Flat Plate Magnifier

Recommended reading in Optical Engineering.

01 January 2015
Michael T. Eismann

If you are a senior optics and photonics professional, you may have noticed that your eyesight is not quite as good as it used to be. Reading glasses can help considerably, but sometimes it would be nice to have just a little bit of magnification.

An interesting article published in the September 2014 issue of Optical Engineering entitled “Flat-plate magnifier for magnifying the view of a distant object” attempts to address this problem.

Lead author Masataka Shirasaki (USA), along with Takehiro Kodaira, Hiroshi Yamaguchi, and Tsuneo Takei of Nittoh Kogaku in Japan, seek to develop a flat optic that can be placed in an eyeglass frame to provide 3x magnification over a large part of the ocular field of view.

Micro-magnifier array

To achieve magnification with a 3- to 4-mm plastic plate, they mated a two-dimensional array of two-mirror, micro-magnifying telescopes to a ray angle adjuster plate that directs the magnified ray bundles toward the center of rotation of the eye.

The researchers then made a prototype magnifier using a plastic mold manufactured with high-precision, multi-axis diamond turning. Aluminum coating was used for the mirror surfaces. The prototype provided the requisite magnification but lacked image sharpness due to distortion and roughness of the parabolic micro-magnifier surfaces.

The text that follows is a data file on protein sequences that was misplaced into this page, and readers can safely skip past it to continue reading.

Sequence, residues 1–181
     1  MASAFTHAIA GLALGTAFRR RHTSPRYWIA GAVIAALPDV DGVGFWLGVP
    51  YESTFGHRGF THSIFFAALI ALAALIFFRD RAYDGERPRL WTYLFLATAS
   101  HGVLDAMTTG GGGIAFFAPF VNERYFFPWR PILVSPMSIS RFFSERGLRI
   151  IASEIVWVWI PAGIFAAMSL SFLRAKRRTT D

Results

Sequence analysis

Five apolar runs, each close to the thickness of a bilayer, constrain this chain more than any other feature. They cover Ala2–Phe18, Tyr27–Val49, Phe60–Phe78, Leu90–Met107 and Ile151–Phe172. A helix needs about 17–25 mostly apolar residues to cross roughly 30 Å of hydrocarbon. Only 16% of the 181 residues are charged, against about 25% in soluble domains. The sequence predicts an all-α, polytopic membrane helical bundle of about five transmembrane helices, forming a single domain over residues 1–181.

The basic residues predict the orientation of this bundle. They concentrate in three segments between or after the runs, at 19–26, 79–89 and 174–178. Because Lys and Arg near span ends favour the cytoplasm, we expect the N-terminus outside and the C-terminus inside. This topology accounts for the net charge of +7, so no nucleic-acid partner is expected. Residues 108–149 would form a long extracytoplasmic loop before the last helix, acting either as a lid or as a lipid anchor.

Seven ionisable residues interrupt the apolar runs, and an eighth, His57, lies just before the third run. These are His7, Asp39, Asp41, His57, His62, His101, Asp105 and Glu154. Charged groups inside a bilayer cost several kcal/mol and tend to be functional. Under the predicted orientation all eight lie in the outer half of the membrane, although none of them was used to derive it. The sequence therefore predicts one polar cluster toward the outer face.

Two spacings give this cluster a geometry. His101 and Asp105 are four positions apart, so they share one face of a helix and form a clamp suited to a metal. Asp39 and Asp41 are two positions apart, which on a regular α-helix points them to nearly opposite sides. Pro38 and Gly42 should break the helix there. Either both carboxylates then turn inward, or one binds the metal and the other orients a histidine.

Prototype magnifier
Optical Engineering

The authors describe their innovation with design equations and illustrate the primary components with figures.

Micro-magnifying telescope

Direct view without magnification (left) and magnified view with the flat-plate magnifier (right).
Optical Engineering

Perhaps we’ll have to wait for more refinement before we can buy a pair of these hands-free magnifiers at the local market or optometrist.

Source: http://dx.doi.org/10.1117/1.OE.53.9.095107


SPIE Fellow and editor in chief of Optical Engineering Michael Eismann

–SPIE Fellow Michael T. Eismann is a member of the SPIE Board of Directors and editor in chief of Optical Engineering.



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